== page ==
Researchers and Supervisors

Our faculty members are tackling some of the most complex health issues facing communities, from promoting healthy eating and activity in schools, to understanding how our physical and social environments affect us, to how health services can impact populations around the world—and our students are helping them do it.

As a School of Public Health MSc or PhD student, you are able to contribute directly to research and to the body of knowledge in your field of choice. Here are some examples of thesis research that our Msc students have completed:

  • the role of motherhood in the success of participation in a substance abuse treatment program.
  • how media coverage influences vaccinations.
  • predictors of successfully coping with pain.
  • environmental risk factors on the contamination of drinking water.
  • the role of mental health on diabetes treatments.
  • the association of leadership skills with childhood health.

Students who have completed their PhD program have investigated:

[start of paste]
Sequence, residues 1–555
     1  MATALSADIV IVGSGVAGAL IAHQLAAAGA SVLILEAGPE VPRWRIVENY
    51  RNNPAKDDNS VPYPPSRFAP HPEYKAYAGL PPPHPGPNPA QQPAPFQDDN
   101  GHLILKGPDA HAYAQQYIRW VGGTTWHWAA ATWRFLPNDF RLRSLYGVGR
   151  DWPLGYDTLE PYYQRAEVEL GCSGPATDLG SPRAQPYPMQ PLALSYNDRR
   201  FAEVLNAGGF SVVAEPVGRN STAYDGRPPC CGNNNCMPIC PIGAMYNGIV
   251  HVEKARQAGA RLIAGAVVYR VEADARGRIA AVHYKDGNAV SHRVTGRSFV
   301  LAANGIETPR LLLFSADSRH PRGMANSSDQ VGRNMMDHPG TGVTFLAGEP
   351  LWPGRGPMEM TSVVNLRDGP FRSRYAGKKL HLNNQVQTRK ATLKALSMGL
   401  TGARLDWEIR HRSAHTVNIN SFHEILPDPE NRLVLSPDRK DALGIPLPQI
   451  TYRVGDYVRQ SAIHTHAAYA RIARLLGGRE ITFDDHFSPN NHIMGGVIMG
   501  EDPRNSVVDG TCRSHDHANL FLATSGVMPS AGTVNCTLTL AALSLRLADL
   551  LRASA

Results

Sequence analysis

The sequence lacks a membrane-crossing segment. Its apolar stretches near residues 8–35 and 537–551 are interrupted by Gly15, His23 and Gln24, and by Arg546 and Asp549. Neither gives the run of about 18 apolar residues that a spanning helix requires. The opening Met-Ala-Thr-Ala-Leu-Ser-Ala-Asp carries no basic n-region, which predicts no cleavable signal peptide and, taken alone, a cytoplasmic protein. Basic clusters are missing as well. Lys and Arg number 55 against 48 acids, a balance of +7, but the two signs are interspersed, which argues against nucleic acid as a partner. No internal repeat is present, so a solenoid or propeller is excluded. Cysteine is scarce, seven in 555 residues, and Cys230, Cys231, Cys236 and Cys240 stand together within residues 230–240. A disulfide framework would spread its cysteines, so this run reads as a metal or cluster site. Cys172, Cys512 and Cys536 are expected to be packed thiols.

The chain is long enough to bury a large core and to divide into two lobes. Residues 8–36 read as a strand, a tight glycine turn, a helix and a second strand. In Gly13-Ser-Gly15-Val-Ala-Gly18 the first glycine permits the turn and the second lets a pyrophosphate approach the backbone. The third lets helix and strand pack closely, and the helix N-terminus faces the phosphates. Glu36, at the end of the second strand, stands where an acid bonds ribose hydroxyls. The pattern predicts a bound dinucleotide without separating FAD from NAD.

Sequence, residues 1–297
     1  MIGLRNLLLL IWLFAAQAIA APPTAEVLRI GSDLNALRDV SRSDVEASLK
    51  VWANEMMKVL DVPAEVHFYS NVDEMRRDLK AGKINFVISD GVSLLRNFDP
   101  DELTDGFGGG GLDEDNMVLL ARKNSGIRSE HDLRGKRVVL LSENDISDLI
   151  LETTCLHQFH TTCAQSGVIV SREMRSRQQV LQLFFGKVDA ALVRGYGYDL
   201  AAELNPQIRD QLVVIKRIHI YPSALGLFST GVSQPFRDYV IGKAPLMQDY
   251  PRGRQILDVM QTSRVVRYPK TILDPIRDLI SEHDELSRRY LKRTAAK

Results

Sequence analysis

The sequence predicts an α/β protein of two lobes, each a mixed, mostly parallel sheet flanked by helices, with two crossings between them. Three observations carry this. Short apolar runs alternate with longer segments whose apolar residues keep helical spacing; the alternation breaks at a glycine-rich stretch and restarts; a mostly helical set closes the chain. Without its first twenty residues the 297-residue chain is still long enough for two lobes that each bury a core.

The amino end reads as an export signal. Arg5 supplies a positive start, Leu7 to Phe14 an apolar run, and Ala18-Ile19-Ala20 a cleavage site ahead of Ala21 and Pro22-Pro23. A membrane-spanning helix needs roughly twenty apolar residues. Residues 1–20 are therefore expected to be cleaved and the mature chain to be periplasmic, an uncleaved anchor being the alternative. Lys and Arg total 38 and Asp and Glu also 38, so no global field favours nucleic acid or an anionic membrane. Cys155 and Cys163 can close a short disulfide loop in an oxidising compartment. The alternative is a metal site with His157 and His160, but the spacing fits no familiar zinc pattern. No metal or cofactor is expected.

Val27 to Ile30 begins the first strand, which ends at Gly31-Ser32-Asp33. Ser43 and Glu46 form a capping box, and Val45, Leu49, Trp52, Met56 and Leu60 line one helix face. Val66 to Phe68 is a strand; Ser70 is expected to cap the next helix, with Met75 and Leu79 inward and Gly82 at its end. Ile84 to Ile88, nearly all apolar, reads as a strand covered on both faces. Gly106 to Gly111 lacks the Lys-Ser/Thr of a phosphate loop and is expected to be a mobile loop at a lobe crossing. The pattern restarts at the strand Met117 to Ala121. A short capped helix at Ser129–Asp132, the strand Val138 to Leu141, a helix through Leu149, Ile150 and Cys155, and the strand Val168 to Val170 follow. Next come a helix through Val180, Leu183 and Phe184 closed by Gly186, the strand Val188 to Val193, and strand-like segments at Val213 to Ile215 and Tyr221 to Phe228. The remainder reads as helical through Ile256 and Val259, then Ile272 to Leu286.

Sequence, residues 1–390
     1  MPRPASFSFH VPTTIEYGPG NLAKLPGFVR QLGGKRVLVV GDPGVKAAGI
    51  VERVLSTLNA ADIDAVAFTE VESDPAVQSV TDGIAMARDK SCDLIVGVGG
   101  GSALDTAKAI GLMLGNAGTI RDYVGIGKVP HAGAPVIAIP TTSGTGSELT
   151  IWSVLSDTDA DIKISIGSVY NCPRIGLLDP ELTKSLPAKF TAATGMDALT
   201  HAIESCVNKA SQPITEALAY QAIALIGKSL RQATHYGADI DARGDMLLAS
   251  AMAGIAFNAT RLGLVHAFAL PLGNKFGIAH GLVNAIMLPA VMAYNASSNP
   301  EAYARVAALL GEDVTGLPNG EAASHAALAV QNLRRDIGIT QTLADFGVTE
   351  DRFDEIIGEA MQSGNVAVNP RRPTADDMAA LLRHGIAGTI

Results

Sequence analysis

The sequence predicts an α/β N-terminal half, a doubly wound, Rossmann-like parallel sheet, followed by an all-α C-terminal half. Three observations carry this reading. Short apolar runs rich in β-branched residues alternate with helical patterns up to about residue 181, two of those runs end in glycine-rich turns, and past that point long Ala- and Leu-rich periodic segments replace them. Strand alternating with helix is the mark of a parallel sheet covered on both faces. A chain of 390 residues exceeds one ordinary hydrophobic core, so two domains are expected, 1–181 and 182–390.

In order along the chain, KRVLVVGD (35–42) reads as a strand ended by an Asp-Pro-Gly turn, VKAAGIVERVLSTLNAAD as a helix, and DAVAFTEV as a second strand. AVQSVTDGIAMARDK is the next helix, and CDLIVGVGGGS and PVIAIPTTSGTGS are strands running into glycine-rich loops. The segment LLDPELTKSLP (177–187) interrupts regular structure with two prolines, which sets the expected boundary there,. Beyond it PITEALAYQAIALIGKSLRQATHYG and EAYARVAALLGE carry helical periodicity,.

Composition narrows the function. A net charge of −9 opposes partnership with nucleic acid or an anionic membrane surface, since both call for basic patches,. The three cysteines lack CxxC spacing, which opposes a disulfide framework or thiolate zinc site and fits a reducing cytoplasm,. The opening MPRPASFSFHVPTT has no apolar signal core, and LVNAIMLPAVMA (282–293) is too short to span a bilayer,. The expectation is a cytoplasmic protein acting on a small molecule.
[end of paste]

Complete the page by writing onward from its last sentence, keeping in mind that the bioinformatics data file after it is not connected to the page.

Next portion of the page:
• the outcome/role of taxing sugar-sweetened beverages on reducing consumption.
  • the effect of introducing comprehensive school health programs in elementary schools.
  • the success of harm reduction interventions for illicit substance use.
  • the factors surrounding adherence to antiretroviral therapy.

MSc applicants are not required to select a supervisor prior to submitting an application—however, you will be required to select a supervisor prior to being accepted. As a PhD applicant, it is highly recommended that you identify a supervisor for your research prior to completing your application. 

Regardless of your program, choosing a supervisor that fits with your specific area of interest is a crucial part of the process, as they will mentor you through your studies. Your supervisor will also help you to negotiate the funding landscape. To begin, read up on our faculty members. If your chosen faculty member is currently accepting students, contact them and introduce yourself - and explain how your experience and research interests align.